Newport News - the emptiness at the edge of cities

I have always harbored an inexplicable fascination with cities.

Once, a long time ago when I dated a Canadian girl, we went to Windsor, a dire low rise place of manicured gardens that reminded me of the English seaside. We walked through those carefully mainained gardens and stared across the river at the high towers of Detroit.

"I want to go there," I said, and jumped a balastrade in an attempt to walk across the road bridge to the US.

The girl I was with was a bit like Canada, pleasant and safe and unadventurous. She patiently informed me Detroit was all mayhem and murder. It was brooding gangsters sitting on piles of rubble fingering their firearms. It was a passport to an early death.

I still wanted to go there, but I didn't.

I never lost my fascination with the grim side of cities. I wanted to see what Ernest Burgess termed the Zone in Transition, I wanted to walk through the organic decay of a man made structure on the seedy edges of downtown and to feel the danger on the sidewalks.

My grandmother lived in the East End of Glasgow - what is it with the East Ends of cities? Her estate was gray and monolithic but the houses were solid with net curtains. But at the bottom of a steep hill lay a world of festering tenements teeming with trash, of hollow alleys that led to bleak abodes where heroin addicts looked through smashed windows at a cloud choked sky.

I slipped out to this urban wasteland and photographed a world of unremitting grey-ish green, of mean little railway bridges and electricity cables like spiders. Here the only grassy spaces were on life support and smeared with dog feces, most of the residents were on social and their hands were smeared yellow with nicotine and desperation.

I have less time today but I still like to lose myself on the hopeless blurred edges of downtowns; drawfed by concrete and glass. I like to find the decaying old buildings with black fire escapes that will spend the rest of their lives shutted up.

I took these pictures in downtown Newport News on Thursday after the snowfall with a chilly wind blowing off Hampton Roads. America's grid system can cut up its cities mercilessly, leaving empty zones like the one between Newport News' downtown, which stores moved out of decades ago, and the big impersonal port where the snow made mini mountains out of the piles of coal. Puddles of melted snow lay in the roadways and across the crumbling kerbs that nobody waked on. The traffic droned on the nearby freeway but few cars passed me by here.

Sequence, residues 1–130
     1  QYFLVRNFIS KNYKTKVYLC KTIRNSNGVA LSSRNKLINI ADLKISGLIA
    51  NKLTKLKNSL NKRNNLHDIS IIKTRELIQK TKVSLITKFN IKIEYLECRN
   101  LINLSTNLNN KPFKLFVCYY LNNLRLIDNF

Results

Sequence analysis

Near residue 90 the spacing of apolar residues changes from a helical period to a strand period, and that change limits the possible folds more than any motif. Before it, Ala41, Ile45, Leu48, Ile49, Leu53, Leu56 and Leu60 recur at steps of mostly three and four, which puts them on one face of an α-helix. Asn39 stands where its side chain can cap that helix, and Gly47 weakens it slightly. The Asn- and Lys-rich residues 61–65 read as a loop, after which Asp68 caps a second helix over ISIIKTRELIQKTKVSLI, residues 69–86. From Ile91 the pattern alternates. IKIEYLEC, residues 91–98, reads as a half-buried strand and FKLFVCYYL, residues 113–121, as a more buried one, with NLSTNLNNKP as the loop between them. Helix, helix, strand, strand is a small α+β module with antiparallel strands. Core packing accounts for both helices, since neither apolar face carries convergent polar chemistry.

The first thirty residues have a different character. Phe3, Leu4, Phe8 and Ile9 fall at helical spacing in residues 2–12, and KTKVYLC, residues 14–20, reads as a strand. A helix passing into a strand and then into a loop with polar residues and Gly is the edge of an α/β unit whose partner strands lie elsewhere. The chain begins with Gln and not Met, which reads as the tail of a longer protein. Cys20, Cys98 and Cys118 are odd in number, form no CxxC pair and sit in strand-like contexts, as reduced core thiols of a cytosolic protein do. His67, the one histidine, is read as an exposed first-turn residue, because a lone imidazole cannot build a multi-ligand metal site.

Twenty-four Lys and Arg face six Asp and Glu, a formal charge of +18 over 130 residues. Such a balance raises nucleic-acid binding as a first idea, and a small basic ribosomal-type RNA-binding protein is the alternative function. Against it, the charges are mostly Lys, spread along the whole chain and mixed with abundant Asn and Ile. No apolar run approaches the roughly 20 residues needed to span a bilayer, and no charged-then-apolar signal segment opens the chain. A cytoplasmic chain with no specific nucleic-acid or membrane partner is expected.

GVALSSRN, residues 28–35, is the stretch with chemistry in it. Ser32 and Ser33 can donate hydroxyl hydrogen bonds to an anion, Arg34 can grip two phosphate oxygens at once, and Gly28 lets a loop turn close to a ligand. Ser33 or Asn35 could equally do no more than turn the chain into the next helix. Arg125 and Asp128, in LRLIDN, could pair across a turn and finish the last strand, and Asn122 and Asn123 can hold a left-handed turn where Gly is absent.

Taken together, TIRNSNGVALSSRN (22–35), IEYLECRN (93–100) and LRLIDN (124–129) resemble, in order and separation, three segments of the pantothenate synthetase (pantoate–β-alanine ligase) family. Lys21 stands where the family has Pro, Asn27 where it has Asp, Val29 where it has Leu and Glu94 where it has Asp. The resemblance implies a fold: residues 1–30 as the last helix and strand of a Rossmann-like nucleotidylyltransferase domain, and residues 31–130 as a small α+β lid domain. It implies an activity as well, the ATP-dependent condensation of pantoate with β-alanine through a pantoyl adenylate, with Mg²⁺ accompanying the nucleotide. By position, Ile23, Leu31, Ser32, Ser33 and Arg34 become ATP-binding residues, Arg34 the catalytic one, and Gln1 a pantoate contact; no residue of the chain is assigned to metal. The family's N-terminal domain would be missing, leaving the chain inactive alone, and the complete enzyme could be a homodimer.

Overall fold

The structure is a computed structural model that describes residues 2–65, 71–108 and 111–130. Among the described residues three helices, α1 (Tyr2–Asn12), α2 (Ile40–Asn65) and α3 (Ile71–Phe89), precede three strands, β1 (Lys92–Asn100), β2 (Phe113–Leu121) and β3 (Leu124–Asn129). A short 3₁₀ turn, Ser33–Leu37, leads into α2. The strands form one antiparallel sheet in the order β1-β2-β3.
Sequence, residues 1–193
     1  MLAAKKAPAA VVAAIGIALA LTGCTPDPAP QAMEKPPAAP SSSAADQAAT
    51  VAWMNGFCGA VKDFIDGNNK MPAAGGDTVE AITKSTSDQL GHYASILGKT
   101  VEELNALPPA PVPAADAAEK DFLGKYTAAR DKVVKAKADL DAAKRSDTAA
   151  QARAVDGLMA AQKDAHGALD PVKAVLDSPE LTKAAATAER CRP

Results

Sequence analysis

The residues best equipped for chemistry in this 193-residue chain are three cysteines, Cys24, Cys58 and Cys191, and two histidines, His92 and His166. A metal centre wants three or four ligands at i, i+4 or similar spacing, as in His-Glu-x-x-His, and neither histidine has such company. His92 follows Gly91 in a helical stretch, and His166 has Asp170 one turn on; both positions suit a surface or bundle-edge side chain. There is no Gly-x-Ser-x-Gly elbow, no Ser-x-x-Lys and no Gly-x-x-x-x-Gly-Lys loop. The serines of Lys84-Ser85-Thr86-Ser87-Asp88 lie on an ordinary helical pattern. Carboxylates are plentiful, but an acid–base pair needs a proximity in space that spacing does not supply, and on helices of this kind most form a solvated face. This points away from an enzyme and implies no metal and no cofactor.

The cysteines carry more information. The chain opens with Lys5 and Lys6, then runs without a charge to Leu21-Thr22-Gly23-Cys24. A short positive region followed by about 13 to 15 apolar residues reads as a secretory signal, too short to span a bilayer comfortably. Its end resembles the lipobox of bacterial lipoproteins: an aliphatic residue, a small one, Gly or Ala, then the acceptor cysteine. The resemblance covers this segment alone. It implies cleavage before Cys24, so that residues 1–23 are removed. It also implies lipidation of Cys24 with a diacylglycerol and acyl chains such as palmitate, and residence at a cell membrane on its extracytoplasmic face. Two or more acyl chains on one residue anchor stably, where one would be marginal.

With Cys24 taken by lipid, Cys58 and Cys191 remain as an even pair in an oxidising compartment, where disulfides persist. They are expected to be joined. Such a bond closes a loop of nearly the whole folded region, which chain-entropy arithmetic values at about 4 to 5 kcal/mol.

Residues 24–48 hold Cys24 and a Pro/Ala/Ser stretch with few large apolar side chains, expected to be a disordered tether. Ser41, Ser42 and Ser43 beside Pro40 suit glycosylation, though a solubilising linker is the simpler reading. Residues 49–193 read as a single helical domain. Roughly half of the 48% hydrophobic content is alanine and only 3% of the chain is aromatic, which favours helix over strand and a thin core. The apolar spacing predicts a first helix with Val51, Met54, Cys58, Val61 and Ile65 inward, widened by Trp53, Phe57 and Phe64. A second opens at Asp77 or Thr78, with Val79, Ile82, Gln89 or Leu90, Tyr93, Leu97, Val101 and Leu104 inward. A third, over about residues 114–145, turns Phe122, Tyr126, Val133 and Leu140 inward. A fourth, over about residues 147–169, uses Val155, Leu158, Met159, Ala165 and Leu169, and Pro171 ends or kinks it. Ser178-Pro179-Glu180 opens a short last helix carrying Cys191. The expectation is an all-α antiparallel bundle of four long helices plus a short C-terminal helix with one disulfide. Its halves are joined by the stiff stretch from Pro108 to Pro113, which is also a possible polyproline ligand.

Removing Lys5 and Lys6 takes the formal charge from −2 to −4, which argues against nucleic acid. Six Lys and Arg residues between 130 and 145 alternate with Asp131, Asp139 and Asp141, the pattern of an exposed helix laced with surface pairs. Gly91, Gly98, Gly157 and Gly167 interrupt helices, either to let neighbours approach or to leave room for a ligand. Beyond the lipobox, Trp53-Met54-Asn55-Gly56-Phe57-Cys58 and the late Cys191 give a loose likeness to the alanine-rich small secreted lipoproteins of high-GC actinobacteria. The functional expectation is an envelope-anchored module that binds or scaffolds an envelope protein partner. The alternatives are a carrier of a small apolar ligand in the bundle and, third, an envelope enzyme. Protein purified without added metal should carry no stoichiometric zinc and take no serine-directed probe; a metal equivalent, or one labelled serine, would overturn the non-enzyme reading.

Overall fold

The sense of loneliness down here beside the railways lines and under the freeways is palpable. To the east are mean streets that claim a steady tally of victims.

But the area south of City Hall is merely bereft and overlooked; a place to forget and remember, an urban desert in the heart of a city; a place that brings it home to us that in the final reckoning we are always alone.


  1. Your descriptive detail is impressive and realistic. Interesting that the East side of cities is frightening, on both the East and West coasts. xo

  2. An interesting post David. I have never explored Newport News very much, always heading to VA Beach where my father-in-law lives. Thanks for stopping by. I lived in between Paignton and Torquay. In fact I have a post showing the village where I was living when I met my husband. Interesting that you worked for the Herald Express for a while. We read that newspaper for years.

  3. Newport News looks a lot like the outer edges of Detroit! Except the entire city of Detroit is like an east London council estate because everyone that has money in Detroit moves north! Have you ever seen 'Bowling for Columbine' where Michael Moore is stunned to discover that the citizens of Windsor don't lock their doors? Funny place, Windsor. Beautiful post!

  4. Very well written, David. You really portrayed the edge of cities well. I felt like I was there.

    I am a small town, or even, take-me-out-to-the-country girl myself, but I know for some the pull of big cities is strong.

  5. This post is full of great lines David, my favorite being,

    "It was brooding gangsters sitting on piles of rubble fingering their firearms."

    The quality of the writing is what sets this blog apart David, and this post is a prime example. Keep up the great work!

  6. Thanx Robyn, never worked out that east side thing. How cool that you lived in Torquay, Denise. Downtown Newport News isn't worth stopping in at but old town Portsmouth's worth a trip. Sure Lidia, but I like some degree of bleakness. Thanks Daisy, lived in small town North Carolina for a while but it felt claustrophobic. You are too kind Tim, you too.

  7. Really love this post ... I enjoy "urban" or "metropolitan" vacations - seeing big cities - all aspects of them. I went to Boston for the first time, last summer (it is now my favorite place and am going again next summer), and some of the photos above remind me of parts of Boston I walked through ...



  8. Nice blog. :) Your articles are interesting and well written. I'm with you on the big city love. There are so many interesting things to look at and photograph in them. Urban decay can be really interesting.

  9. a bit like Canada, pleasant and safe and unadventurous

    Love this and the rest.

    I agree with a couple of your other commenters; I actually READ your blog rather than skim my way through. The words are balanced and prosaic.

  10. Thanx Lidia, really PM - would love to go to Boston. Cheers and thanx for the follow Alyson. Most kind Deborah - I must admit I skim read many blogs.


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